Anger is a natural emotion that helps us deal with challenges and threats in our lives. It can be a useful emotion in us to protect our well-being from possible harm. How we respond to our anger is the most important factor and element in relation to anger management. Burying anger or keeping it inside can lead us to feel low, and frustrated with ourselves and others, in other words “depressed”. It can even lead us to self harm. Equally, taking anger out on other people can cause great harm and then everyone gets affected. The best thing to do with anger is to try to understand and respect it.
The most important thing to understand about anger is that there is a difference between feeling anger and expressing anger. Youths who have a problem with anger usually do not express it in appropriate and constructive ways. They go from 0 to 10 in less than a minute with no control. I will help them use the following:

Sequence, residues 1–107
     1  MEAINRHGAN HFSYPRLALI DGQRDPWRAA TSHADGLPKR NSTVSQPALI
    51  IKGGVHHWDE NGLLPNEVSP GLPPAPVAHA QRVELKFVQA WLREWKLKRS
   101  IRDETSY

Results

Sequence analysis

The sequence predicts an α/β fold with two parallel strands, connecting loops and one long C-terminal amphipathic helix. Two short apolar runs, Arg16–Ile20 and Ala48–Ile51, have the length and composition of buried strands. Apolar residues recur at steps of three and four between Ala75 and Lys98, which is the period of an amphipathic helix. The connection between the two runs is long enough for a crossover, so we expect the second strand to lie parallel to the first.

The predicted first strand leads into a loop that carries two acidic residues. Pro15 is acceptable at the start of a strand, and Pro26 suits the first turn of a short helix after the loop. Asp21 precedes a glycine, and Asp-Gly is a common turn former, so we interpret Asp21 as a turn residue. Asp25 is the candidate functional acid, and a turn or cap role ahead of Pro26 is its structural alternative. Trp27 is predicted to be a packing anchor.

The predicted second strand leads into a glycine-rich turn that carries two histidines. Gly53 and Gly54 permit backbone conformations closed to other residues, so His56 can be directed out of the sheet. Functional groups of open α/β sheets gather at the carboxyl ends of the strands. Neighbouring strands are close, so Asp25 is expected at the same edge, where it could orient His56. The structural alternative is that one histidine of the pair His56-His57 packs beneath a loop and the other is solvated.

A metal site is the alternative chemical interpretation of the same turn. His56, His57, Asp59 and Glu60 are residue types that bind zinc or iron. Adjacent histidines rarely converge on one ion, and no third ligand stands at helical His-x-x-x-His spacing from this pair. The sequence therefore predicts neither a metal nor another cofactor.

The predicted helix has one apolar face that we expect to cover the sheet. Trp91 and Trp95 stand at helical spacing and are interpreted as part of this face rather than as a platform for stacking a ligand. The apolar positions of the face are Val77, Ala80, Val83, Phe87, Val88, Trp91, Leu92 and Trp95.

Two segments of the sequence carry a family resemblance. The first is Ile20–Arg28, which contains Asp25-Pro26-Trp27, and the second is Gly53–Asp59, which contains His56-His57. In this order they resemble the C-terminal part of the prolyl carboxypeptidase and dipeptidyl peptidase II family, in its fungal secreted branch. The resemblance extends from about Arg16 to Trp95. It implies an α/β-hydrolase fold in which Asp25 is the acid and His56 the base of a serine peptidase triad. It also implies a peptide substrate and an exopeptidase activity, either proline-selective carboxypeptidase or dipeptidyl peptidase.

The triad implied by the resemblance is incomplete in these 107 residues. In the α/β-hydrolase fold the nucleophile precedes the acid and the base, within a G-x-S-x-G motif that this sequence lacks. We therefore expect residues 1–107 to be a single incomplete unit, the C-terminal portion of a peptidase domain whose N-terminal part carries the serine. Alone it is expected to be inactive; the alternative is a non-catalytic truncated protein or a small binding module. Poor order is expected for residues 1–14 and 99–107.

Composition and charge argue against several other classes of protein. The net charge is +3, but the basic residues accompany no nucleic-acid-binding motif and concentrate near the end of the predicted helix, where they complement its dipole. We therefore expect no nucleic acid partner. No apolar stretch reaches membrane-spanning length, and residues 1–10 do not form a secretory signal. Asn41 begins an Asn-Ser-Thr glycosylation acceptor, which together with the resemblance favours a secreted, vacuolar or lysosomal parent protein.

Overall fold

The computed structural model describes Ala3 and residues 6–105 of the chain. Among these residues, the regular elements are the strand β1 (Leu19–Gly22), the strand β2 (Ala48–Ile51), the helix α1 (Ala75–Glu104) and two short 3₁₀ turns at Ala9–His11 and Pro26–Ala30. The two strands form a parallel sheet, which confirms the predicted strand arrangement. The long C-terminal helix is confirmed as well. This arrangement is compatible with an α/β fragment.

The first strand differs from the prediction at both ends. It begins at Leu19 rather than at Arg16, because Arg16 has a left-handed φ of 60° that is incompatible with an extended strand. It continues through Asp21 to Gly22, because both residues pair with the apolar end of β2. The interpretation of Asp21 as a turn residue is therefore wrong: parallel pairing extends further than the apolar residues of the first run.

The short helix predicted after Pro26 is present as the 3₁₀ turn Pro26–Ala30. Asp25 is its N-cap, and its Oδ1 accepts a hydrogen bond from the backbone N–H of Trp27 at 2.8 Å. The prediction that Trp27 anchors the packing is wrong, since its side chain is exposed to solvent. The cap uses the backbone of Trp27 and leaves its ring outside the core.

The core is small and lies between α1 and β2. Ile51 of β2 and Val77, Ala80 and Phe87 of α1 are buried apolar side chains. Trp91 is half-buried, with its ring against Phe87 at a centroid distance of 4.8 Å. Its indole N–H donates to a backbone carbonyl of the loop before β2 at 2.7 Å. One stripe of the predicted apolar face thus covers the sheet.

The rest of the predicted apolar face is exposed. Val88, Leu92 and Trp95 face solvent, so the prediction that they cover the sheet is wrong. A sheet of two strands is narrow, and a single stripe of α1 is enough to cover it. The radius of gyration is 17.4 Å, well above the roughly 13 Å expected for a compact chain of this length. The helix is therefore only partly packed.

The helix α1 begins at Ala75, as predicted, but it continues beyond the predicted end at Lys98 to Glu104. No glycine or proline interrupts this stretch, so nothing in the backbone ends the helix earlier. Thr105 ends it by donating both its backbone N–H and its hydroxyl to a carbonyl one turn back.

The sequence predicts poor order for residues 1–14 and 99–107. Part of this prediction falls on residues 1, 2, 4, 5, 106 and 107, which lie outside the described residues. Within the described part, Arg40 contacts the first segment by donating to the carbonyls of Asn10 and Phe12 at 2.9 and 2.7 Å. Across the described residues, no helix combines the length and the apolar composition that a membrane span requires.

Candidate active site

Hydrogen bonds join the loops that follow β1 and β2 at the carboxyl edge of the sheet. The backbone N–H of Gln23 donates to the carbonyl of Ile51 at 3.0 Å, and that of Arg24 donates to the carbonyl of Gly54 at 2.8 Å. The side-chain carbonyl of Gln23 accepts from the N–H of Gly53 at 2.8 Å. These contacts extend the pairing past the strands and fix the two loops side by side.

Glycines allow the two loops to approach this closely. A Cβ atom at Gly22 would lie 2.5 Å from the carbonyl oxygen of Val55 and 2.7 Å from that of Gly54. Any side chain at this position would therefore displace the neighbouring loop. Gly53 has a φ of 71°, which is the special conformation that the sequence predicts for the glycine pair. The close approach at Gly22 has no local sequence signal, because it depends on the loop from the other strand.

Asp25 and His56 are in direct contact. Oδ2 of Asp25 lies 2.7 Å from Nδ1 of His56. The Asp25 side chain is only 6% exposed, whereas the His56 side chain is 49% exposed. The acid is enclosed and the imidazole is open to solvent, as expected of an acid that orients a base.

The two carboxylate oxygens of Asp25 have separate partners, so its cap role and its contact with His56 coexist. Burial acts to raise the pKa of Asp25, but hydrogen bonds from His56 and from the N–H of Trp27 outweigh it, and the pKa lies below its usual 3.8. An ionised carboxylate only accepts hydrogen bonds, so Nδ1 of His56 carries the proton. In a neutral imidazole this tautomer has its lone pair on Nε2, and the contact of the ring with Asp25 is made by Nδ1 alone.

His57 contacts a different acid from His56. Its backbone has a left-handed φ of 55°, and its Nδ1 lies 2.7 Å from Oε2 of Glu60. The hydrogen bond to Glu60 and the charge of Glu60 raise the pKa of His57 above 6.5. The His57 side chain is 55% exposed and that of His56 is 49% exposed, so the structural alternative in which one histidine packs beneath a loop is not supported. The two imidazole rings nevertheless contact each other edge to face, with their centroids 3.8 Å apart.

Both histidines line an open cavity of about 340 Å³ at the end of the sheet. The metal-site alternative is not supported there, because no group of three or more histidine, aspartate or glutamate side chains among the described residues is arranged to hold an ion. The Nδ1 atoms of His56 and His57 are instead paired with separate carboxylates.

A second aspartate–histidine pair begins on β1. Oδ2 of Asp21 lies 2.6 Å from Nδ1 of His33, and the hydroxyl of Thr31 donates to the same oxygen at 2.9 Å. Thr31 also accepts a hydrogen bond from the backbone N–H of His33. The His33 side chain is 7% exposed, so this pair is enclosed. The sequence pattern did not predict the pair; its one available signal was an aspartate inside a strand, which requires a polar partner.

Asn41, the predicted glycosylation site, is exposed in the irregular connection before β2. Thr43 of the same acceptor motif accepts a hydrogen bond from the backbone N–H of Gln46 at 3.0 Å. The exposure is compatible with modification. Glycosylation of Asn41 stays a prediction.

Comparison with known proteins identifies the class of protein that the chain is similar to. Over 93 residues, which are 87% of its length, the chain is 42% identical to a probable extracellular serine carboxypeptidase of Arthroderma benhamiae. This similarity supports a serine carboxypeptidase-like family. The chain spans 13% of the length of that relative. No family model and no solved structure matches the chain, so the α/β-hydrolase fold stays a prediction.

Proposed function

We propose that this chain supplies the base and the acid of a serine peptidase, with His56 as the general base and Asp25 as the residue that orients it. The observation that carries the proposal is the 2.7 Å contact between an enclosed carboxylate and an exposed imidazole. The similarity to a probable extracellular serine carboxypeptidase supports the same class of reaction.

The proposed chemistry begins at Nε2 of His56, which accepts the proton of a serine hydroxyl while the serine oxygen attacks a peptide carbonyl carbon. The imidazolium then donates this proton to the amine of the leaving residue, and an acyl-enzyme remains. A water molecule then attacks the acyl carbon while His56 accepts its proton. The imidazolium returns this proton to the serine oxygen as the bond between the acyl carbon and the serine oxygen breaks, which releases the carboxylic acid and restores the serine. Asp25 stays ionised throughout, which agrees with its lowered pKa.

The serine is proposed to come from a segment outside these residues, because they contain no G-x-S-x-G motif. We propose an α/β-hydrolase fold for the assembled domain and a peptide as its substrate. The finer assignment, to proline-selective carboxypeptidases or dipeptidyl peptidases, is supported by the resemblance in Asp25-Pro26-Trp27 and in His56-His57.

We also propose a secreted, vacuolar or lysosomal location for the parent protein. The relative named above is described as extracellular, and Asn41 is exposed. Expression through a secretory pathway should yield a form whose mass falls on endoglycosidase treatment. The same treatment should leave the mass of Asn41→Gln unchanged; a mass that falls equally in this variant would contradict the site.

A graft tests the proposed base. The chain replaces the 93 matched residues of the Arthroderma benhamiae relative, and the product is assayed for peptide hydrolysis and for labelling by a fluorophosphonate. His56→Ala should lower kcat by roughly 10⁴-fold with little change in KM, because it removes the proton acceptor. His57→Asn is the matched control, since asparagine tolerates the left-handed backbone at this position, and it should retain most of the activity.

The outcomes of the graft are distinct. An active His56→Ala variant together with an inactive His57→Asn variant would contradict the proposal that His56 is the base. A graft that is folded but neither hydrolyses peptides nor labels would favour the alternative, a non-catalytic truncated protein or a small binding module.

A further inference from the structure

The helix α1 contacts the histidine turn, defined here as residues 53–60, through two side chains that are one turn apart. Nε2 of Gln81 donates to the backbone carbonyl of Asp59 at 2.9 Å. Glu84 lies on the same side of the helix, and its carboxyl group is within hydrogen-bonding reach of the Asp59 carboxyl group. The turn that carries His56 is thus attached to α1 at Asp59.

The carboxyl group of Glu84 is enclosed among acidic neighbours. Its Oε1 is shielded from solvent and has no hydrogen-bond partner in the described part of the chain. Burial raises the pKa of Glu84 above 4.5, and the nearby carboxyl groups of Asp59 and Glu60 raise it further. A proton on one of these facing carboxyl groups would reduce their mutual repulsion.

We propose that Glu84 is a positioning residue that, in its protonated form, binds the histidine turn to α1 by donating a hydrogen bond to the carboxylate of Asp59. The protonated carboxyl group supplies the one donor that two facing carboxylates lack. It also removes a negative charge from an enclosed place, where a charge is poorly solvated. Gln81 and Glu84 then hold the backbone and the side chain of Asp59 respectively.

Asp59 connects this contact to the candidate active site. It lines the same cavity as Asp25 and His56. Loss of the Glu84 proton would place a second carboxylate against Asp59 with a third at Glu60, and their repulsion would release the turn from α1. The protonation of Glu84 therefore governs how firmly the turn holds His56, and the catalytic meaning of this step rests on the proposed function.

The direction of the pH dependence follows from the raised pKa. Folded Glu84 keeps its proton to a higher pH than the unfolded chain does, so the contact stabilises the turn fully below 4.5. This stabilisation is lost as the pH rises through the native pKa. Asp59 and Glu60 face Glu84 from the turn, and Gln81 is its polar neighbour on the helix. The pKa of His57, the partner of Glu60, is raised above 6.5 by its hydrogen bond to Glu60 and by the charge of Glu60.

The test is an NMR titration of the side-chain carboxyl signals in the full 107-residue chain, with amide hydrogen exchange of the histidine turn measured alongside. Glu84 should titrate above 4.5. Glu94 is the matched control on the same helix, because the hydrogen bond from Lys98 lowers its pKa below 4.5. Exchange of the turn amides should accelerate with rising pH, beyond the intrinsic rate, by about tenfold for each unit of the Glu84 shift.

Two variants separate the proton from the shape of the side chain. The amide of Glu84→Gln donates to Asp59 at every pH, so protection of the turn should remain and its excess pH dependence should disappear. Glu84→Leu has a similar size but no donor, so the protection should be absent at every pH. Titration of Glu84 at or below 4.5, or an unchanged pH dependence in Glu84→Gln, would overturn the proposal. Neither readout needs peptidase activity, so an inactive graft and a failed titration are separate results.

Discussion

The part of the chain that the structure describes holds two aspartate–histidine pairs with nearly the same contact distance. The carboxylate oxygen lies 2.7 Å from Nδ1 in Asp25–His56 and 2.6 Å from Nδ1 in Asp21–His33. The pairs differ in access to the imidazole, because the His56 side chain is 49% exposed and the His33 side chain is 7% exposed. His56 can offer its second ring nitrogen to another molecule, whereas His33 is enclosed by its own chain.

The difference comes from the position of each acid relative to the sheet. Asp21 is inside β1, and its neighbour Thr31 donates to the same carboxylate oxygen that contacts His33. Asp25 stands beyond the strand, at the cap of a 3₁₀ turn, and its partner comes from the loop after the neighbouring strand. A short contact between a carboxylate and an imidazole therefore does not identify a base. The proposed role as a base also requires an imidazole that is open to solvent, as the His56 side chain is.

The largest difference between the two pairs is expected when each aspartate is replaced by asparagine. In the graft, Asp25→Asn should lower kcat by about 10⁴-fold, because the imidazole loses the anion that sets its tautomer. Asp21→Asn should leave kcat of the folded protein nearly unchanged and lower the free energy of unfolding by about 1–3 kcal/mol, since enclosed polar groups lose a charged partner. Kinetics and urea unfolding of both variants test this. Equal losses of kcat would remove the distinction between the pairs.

- Plan a strategy to employ those healthy responses and try that strategy.
- Recognise and acknowledge when the young person is feeling angry.
- Establish how your current responses are working out for you.
- Develop healthier responses to anger and alternatives to toxic responses.
Youth and Gangs
The most common age for a youth to join a gang is between 11 and 16, making early prevention efforts critical.
- Young people join gangs for various reasons, including money, sense of support and belonging, peer status, perceived sense of protection, or to demonstrate an outlaw mentality.
- Youth in gangs are more likely to abuse drugs, engage in high-risk sexual behaviours, and experience long-term health and social consequences.
- Early prevention efforts, particularly with families of young children, show promising results.
- Gang-joining prevention efforts should be informed by what is known about risk and protective factors for children of particular ages. There are protective factors, such as academic success, positive connections, and effective parenting, that can help youths who are growing up in high-risk communities.